The second definition (“I hope that”, used as a sentence adverb has been criticized by some usage writers although it is by far the most commonly used sense of the word. Many adverbs are used as sentence modifiers with somewhat less frequent objection such as interestingly, frankly, clearly, luckily, and unfortunately. Unlike for many such shifts in meaning that occur in English, the portion of the American Heritage Dictionary's Usage Panel that condones the second sense of the word has decreased from 1969 to 2000, offering the explanation that this particular usage has become a shibboleth. Merriam-Webster, on the other hand, calls the usage "entirely standard", and notes that it has been used since the early 18th century, having been commonly used in American English since the 1930s, and gained significant popularity in the 1960s.
The dispute over the use of sentence adverbs is born largely of the fact that in using an existing adverb to apply to not only one verb but a whole sentence, the meaning of the word is altered, which, in certain situations, can lead to ambiguity. For example, Hopefully, he will save money for the deposit on a new house can mean either that it is hoped that he will save the money (in which hopefully is a sentence adverb modifying the entire sentence) or that he is saving money in a hopeful manner (in which hopefully modifies will save). Sentence adverbs have played a part in English since the 17C but have been limited largely to use wherein they retain their original definition (e.g. probably). It was not until the 20C that they began to be used in other situations.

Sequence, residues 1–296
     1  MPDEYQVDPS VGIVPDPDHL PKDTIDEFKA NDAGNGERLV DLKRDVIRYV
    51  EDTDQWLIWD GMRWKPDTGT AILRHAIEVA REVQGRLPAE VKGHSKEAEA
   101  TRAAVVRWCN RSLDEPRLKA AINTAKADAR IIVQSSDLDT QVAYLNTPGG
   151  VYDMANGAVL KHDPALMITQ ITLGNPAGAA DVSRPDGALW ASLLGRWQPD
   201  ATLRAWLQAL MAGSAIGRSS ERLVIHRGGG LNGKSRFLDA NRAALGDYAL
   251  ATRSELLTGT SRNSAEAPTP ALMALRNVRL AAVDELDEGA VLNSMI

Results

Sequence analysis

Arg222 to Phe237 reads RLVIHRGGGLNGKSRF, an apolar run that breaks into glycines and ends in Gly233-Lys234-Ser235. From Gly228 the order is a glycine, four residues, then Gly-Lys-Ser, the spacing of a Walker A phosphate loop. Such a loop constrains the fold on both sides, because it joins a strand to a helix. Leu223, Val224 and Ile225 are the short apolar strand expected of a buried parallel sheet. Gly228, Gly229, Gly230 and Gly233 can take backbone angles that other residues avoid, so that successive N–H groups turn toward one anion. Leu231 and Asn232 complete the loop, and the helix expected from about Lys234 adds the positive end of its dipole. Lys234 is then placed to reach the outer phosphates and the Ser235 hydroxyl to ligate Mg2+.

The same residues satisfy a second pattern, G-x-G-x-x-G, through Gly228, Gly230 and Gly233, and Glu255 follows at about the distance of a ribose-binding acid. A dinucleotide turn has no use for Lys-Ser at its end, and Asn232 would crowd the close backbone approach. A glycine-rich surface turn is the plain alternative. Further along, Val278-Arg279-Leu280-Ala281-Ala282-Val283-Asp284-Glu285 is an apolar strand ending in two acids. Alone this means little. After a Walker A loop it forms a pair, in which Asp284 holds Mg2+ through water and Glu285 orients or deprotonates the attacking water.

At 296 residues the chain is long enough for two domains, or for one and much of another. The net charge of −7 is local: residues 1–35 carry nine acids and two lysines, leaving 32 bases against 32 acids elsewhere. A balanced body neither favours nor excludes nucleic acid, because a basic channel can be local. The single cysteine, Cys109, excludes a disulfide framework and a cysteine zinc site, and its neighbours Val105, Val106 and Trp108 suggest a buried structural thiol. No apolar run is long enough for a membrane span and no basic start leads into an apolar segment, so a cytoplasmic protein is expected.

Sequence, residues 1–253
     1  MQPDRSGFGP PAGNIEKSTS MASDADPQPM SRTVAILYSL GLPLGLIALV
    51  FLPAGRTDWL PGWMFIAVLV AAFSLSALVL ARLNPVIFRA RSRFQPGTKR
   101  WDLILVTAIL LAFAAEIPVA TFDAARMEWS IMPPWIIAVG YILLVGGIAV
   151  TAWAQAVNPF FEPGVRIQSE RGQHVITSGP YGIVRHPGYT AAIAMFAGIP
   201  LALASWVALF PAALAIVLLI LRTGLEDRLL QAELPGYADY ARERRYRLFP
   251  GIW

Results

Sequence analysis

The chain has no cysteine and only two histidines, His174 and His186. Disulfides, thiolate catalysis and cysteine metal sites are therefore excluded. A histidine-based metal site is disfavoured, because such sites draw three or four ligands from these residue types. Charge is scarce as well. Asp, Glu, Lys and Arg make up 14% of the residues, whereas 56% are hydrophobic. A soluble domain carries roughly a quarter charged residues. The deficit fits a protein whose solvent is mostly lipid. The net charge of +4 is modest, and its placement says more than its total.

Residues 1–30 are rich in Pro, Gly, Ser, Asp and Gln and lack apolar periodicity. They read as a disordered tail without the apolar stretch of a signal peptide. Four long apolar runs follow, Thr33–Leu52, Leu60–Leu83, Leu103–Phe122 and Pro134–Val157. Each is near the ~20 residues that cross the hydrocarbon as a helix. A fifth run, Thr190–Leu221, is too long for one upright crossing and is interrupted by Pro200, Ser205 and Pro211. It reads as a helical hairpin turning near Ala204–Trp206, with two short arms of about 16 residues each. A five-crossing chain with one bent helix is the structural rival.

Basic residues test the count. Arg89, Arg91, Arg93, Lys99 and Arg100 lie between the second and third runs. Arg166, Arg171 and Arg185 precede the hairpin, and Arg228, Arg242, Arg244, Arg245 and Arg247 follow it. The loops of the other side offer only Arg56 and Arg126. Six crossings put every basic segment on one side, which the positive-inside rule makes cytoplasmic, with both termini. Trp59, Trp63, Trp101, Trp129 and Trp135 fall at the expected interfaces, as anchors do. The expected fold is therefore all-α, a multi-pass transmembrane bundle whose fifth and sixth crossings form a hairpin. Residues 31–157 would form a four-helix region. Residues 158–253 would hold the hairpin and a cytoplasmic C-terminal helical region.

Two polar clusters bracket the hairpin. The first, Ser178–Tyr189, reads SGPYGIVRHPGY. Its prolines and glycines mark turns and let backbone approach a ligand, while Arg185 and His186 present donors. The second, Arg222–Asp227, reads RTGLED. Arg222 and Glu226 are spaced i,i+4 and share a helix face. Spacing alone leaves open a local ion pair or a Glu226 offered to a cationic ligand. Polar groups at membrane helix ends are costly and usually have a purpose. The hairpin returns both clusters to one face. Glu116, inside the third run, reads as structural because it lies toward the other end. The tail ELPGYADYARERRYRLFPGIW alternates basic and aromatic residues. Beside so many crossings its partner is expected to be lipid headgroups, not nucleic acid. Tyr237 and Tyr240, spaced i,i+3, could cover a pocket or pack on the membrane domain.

“[T]here is no precise substitute,” says the American Heritage Dictionary. “Someone who says Hopefully, the treaty will be ratified makes a hopeful prediction about the fate of the treaty, whereas someone who says I hope (or We hope or It is hoped) the treaty will be ratified expresses a bald statement about what is desired. Only the latter could be continued with a clause such as but it isn’t likely.” Hopefully is also less personal than I hope or we hope. It is hoped that and if hopes are realized would be impersonal and have been suggested as alternatives to hopefully, but using hopefully is more concise.
Compare to the usage of regretfully, which does have the substitute regrettably. In fact, hopeably has been proposed as an alternative, but it has not caught on.
References[edit | edit source]
- Template:R:American Heritage 2000
- See also M. Stanley Whitley, "Hopefully: A Shibboleth in the English Adverb System", American Speech, (58) 2 (Summer 1983), pp. 126–49 
- "Hopefully" in Merriam-Webster
- Theodore Menline Bernstein. The Careful Writer: A Modern Guide to English Usage. Page 216. 1995.